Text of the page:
Our New Selection

XV. How Dad Fell Out with Daly

Steele Rudd

DALY had been to Brisbane, and returned bursting with enthusiasm and information. He called at Ruddville to unburden himself to Dad. Daly was a welcome visitor at our place, and always got on well with Dad.

Besides Daly, Dad was the only man on Saddletop acquainted with the capital. Dad posed as an authority on the geography of Brisbane—knew every hole and corner of it, and could tell you exactly where Cribb’s, and Junkaway’s, and Toppin’s, and Winship’s, and old Bartley’s places were. It was no credit to him, though, because he had worked there a whole month nearly forty- five years before.

“You wouldn’t know it now, man,” Daly said, deprecatingly, “you ’d get lost!”

Dad wasn’t so sure.

“Don’t know,” he said, thoughtfully stroking his long grey beard.

“Why, it’s all built on fer miles—houses everywhere; an’streets!—y’ don’t know where th’ divil y’ are fer them. . . . It’s a fact!” (turning aggressively on Joe, who displayed an inclination to doubt) “yer can smile!” (Then to Dad) “And people! By gad!”

Daly couldn’t convey any idea of the population. Language failed him.

Sarah instanced the crowd that attended old Mrs. Delaney’s funeral by way of comparison.

“Be damned!” (Daly was not a polite man). “Pshaw! Nothing! . . . You’ve seen big mobs of sheep, haven’t y’?” (All of us had.) “Well, they’re simply nothing to th’ crowds y’ll see in the main street on a Saturd’y night. S’ ’elp me goodness!” (addressing Mother—his mouth, eyes, and hands all working) “I never thought there was so many people in the world, Mrs. Rudd!” Dad reflected.

“Must go down when th’ wheat’s in, an’ see it again,” he said.

“If yer do”—Daly went on—“stay at Mrs. O’Reilly’s, in Roma-street. Best place in th’ whole town, an’ on’y thirteen bob a week. Tip-top table and two all-right girls waits on y’. Look after yer as if y’ wer’ a juke; no mistake; an’ look here” (turning excitedly to Mother) “polish yer boots every bloomin’ mornin’, and” (Daly paused to cough) “an’ fetch tea inter th’ bed t’ y’!”

All of us laughed, except Sarah. She turned up her nose and went out. Sarah was a Sunday-school teacher now.

“Who, the girls?” Joe shouted, above the noise.

“’O’ course.”

“Go on with you!” Mother said, looking on the floor. She didn’t believe Daly.

“My colonial!” Daly said.

“That’s th’ place for us, David, when we go down!” Joe put in, poking Dave hard in the ribs. Dave grinned his long slow grin.

“You go t’ Reilly’s,” Daly continued, addressing Dad again, “ask fer—”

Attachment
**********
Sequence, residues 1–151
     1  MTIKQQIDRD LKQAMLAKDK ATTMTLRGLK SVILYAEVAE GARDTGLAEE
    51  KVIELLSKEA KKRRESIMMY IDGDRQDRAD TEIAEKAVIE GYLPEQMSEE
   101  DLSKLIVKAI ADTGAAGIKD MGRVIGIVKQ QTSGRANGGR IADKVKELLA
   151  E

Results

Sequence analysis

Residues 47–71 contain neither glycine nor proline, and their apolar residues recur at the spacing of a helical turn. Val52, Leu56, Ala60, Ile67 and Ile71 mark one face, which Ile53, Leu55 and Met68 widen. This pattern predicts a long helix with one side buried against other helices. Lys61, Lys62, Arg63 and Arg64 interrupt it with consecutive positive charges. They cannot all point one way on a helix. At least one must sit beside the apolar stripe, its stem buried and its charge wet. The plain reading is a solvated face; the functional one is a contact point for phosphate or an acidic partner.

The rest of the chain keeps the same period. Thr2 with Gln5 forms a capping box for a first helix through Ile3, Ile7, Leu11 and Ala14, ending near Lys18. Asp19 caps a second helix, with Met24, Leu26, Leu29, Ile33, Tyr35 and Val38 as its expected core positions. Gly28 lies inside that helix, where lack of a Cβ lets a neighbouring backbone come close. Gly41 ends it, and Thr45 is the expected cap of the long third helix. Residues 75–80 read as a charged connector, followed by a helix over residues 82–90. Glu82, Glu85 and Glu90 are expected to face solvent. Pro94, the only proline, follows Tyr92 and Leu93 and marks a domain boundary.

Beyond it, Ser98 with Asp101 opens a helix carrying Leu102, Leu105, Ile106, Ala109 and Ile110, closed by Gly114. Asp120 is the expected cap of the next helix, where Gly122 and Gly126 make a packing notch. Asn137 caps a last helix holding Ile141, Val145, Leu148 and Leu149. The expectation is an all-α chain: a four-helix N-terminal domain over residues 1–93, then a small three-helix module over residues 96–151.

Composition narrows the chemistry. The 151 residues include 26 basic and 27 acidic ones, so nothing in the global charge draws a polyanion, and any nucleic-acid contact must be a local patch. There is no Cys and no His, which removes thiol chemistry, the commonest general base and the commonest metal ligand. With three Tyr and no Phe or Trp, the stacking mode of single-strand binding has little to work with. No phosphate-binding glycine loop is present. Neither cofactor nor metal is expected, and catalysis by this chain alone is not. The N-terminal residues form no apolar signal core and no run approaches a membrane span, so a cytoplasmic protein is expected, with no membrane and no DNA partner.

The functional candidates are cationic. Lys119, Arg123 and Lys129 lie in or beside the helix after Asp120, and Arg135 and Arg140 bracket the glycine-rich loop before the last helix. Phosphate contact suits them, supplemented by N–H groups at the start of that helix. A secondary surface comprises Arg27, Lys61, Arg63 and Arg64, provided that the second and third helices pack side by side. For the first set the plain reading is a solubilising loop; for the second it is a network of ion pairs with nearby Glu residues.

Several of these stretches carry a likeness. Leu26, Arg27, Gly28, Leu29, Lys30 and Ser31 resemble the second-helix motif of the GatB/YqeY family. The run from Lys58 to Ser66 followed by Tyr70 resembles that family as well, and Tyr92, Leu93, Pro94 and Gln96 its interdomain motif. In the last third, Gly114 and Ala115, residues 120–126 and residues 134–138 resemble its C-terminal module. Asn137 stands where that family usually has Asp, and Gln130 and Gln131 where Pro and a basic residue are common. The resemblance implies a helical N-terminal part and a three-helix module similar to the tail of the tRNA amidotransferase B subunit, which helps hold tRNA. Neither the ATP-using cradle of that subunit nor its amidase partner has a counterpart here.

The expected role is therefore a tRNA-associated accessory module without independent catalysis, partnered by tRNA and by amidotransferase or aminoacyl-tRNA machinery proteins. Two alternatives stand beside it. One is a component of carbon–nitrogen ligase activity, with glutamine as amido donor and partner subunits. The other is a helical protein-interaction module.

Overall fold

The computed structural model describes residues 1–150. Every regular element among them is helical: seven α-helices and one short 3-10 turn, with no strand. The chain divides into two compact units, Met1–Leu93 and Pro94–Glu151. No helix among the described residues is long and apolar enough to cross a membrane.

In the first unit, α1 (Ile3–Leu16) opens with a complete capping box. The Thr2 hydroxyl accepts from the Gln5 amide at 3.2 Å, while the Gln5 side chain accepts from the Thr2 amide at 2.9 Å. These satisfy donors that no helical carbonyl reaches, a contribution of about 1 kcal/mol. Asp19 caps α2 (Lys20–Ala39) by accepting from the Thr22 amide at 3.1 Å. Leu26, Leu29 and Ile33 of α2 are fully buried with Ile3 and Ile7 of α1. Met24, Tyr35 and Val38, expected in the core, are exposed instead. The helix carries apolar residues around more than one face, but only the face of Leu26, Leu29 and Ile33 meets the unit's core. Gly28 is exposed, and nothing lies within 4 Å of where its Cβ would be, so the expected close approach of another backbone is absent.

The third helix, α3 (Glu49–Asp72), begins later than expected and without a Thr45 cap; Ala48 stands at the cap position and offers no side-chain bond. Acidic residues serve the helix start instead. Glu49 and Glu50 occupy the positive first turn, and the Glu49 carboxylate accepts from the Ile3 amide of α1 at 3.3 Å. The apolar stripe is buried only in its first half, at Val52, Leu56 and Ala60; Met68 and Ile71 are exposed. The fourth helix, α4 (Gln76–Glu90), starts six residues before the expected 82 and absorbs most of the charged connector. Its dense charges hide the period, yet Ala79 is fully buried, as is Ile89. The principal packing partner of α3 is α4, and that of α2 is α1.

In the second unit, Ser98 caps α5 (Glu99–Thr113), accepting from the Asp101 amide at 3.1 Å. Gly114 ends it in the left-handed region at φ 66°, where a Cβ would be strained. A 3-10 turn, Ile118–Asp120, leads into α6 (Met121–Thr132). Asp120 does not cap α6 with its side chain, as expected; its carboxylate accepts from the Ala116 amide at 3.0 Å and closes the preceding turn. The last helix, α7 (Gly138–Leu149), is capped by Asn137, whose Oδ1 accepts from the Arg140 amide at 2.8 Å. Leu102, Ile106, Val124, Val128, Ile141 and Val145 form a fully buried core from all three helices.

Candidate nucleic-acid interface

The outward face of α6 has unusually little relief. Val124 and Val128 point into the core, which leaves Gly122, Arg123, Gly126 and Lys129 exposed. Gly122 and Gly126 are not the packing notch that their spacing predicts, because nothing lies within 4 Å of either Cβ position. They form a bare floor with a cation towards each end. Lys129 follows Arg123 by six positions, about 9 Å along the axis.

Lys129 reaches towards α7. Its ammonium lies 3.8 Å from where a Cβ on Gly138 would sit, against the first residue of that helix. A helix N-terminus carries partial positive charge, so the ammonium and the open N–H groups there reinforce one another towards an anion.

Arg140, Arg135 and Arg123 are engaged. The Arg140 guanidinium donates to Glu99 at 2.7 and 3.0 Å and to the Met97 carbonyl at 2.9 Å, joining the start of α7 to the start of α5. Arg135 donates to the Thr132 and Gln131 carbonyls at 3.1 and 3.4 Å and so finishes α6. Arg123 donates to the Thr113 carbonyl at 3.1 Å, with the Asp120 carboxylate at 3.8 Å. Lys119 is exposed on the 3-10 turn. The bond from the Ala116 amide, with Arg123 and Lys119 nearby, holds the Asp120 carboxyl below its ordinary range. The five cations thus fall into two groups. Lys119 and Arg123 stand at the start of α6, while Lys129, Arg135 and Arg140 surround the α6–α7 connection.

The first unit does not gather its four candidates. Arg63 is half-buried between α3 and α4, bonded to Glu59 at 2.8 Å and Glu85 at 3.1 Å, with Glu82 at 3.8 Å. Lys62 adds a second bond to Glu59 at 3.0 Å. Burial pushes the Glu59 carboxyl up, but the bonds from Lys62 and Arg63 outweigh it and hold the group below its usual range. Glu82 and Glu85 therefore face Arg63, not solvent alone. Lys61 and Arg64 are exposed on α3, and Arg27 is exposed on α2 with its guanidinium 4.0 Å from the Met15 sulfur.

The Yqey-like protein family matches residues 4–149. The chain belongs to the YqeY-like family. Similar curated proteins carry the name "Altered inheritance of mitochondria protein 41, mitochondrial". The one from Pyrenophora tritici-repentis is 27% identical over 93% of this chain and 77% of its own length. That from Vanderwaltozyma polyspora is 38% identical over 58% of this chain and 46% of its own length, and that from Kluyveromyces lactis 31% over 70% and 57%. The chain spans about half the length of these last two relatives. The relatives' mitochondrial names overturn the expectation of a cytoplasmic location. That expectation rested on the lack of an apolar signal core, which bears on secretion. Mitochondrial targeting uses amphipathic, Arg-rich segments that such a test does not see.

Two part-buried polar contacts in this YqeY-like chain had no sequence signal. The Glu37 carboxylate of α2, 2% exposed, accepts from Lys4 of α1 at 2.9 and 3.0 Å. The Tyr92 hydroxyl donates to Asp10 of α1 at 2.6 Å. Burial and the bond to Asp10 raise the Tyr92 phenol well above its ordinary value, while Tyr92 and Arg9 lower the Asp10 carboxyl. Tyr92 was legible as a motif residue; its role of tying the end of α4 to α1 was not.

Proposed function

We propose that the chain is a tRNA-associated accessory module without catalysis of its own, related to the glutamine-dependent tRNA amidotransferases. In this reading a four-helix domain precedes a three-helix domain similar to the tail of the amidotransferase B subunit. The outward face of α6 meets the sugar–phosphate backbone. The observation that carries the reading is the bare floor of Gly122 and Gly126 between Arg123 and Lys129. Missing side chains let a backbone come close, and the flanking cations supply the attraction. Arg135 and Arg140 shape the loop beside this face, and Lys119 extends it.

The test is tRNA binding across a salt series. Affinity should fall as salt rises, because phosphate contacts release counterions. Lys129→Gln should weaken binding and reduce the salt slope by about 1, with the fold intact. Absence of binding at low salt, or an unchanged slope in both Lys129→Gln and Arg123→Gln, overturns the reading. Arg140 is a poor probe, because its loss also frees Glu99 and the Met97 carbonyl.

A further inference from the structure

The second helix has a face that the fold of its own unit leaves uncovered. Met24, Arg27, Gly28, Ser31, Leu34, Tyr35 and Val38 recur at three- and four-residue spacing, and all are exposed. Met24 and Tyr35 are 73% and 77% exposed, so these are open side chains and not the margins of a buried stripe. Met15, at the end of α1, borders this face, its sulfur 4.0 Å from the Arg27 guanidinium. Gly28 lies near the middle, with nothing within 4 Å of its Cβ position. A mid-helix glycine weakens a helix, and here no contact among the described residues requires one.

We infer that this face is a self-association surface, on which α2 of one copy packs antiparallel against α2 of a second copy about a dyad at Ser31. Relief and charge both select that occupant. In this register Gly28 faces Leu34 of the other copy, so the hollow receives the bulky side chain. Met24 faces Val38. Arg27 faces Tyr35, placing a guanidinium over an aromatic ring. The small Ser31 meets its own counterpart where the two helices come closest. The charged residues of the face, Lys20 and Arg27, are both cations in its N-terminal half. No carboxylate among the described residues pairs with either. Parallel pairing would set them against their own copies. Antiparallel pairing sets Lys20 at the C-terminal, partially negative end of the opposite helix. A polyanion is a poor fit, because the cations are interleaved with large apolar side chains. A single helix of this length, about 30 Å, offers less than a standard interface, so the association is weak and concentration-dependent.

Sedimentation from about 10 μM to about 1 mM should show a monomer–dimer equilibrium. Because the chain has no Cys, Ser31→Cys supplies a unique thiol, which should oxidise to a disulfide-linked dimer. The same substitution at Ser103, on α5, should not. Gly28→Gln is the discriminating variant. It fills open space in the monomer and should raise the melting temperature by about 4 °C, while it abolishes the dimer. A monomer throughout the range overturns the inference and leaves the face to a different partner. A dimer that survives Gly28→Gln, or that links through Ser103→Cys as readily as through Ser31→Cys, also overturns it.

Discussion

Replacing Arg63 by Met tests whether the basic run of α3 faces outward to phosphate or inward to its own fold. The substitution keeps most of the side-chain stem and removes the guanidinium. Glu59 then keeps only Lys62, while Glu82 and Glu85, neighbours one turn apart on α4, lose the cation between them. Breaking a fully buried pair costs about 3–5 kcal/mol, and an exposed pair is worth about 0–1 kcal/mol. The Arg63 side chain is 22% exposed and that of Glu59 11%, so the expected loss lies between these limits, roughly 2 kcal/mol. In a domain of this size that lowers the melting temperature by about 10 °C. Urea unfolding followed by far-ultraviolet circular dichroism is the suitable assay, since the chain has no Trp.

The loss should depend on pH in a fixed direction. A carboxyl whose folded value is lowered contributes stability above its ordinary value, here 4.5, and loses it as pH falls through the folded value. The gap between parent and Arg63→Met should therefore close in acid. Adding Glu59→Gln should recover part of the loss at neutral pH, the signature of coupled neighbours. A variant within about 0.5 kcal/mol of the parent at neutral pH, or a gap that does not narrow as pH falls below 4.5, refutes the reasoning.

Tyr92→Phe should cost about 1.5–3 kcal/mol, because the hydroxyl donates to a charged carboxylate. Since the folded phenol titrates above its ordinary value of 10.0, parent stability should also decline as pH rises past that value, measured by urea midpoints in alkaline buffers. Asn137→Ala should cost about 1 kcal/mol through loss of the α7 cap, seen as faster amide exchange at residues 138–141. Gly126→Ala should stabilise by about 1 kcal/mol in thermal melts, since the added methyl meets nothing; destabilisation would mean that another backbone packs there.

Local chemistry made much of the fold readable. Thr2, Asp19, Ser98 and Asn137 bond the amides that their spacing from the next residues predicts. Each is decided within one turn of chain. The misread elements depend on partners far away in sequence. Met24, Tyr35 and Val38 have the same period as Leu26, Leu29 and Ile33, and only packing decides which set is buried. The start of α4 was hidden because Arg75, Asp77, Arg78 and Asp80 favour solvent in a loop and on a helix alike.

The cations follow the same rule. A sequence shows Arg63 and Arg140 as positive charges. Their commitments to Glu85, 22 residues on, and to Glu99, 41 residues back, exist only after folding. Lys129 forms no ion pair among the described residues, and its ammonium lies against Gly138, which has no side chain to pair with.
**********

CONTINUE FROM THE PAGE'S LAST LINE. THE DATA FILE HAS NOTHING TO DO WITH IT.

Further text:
“There were a place,” Dad mused, interupting Daly, “on the crick, where I used t’ stay; near—”

“Crick!” Daly guffawed. “Crick! . . . there isn’t any crick. . . . Damme, I tell y’ it’s all built on, man; all houses—miles and miles of ’em. Th’ river’s wot you mean!” And he laughed cheerfully.

“Nonsense!” Dad snapped, turning red in the face; “there’s a crick as well. Mulcahy’s place is on th’ bank. Did you see Mulcahy’s place?”

Tears ran from Daly’s eyes. “What part of Brisbane d’ y’ mean?” he asked of Dad, in a voice that implied ridicule.

“Confound it, feller!” Dad broke out; “do y’ think I’ve never been there?”

“Now, don’t get angry over it,” Mother interposed, in her quiet, kind way. But Dad would never suffer a contradiction.

“Here!” he shouted, violently displacing a portion of the tablecloth and brandishing his pocket-knife—“here’s Brisbane, ain’t it?” (He savagely scratched a tracing, something like a square, on the table, which annoyed Mother.)

Daly smiled and, when Dad glared round at him, nodded assent. “There’s th’ river!”—raking the knife through the square, and making Mother jump.

Daly, watching closely over Dad’s shoulder, chuckled acquiescence.

“An’ that ‘s th’ bridge?”—gashing the river in two.

“Correct,” Daly said, grinning more.

“Here’s Windmill Hill; here’s Rafferty’s pub in South Brisbane” (Dad dug a hole in the table to mark the pub., and Mother shuddered); “here, just behind Rafferty’s, is a ridge, an’ a waterhole where me an’ Andrew Rafferty got our water, an’ a lot o’ scrub runnin’ right along this way (hacking another channel in the cedar).

“Bah!” Daly exclaimed in disgust—“waterhole! . . . scrub! . . . Wot’n th’ devil ’re y’ talkin’ about? Don’t I tell y’ th’ place is all houses!”

“Houses be d—d!” Dad roared, showing all his teeth (he only has three now), “there’s no houses there” (prodding the knife into South Brisbane). “Here’s where th’ houses is” (he stabbed North Brisbane hard and angrily), “all along here. . . . And this, runnin’ up here” (more mutilations which pained Mother), “is th’ crick.”

“Pshaw! Crick! . . . That” (Daly struck the tracing with his fist, and didn’t notice he shook Sarah’s flower-vase off the table), “that’s all shops.”

“Shops!” Dad yelled, plunging the knife into the cedar and snapping the blade, “are y’ mad? How th’ devil can there be shops in a crick?”

Daly turned green with rage. “Yer don’t know ennerthin’ about it,” he said, taking up his hat, “yer know nothing!” Mother pleaded for peace, and Joe grinned at Dave.

“Look here,” Dad roared, following Daly to the verandah; “I was in Brisbane before you or y’r father, or any one o’ y’ ever saw the country.”

“Yer might,” Daly sneered, “yer might, but yer know d—n little about it all the same!” And then he went away.

Our New Selection - Contents    |     XVI. Dad’s Trip to Brisbane

Back    |    Words Home    |    Steele Rudd Home    |    Site Info.    |    Feedback